technique + making of
My analog collages contain dozens of cut out pieces, each meticulously hand-scissored after being chosen for their content, and also importantly, for their scale. Collectively, these layers are combined to form a new reality, and it’s this technique that’s applied for each original work.
While my resource library is vast, specific decades from 1950s-70s are usually a starting point for subject matter, and give my works a retro-futuristic vibe – especially in the modernist architecture of the era.
In developing my collage style, I set my own rules early on, whereby I would camouflage any noticeable blunt edges or cuts, in order to make a work that is as seamless as possible. This may mean covering an imperfection, or, for example, extending a subject matter if only part was usable from its original source. This problem solving is an integral part of my process when conceptualising these new visual narratives.
scissors are my paintbrush
At the very beginning, I may have a subject in mind, which I'll cut out so I can start building the picture out. I look through vast amounts of original resources: in my studio, there are trays organised in category such as architecture, science, nature, people etc. This is usually my starting point, and then I progress to the hundreds of books I have on my studio shelves, mostly vintage finds that I've been collecting for many years. Because of this process, I tend to find other images that inspire, so it's not uncommon to work on two or three collages at a time. It's always such a creative time, when starting fresh. Once a story starts to form, I'll concentrate and complete the work, down to the smallest detail/cutout.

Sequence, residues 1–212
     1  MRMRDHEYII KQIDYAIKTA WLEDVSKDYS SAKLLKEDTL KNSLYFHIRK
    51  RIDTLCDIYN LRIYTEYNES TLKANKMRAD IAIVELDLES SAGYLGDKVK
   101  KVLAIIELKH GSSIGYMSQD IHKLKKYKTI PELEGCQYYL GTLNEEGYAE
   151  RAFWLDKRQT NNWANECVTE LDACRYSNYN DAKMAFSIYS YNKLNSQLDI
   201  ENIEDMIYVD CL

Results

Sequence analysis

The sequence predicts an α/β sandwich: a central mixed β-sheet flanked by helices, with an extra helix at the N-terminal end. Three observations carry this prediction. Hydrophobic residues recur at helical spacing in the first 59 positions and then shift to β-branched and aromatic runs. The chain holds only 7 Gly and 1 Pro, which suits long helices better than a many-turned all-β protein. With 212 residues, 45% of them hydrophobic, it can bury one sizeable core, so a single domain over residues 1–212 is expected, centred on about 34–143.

A recent development has allowed me to produce larger scale pieces, by custom printing large backgrounds, on which I'll build the analogue work. It creates a seamless quality, to which I always strive in my style.
In the example above, you can see how the women and pool were cut out, then placed on various backgrounds as ideas before deciding. I always photograph every option, as I find it's good to look on a device to instantly choose what's looking best.
The next stage is gluing the dozens of pieces, layer by layer. I build the collage to its complete stage, only to remove all the pieces except the bottom piece/layer. This is then marked on the board to show where it sits, and then I use a super strong and permanent glue stick to adhere. The piece is placed exactly where its marked, and a roller or wiper is used to press out any air bubbles and make it perfectly flat. I then repeat the process and build the picture back out, only to remove again so the next layer can be marked exactly where it needs to glue. It's a long and detailed process but is very rewarding once completed.
Once glued and dry, the collage is sprayed with several layers of gallery-quality archival matt spray. This not only protects the artwork, but gives an overall matt finish so there's cohesion in look to the finished collage.
Here you can see the subject (Sydney city) is cut out and placed on various options, before deciding on background, and then built up using dozens of architecture pieces.
Painting with paper! The timelapse video shows how all the pieces are combined in a very detailed way.
Pieces camouflage blunt cuts and edges, to form a seamless new image.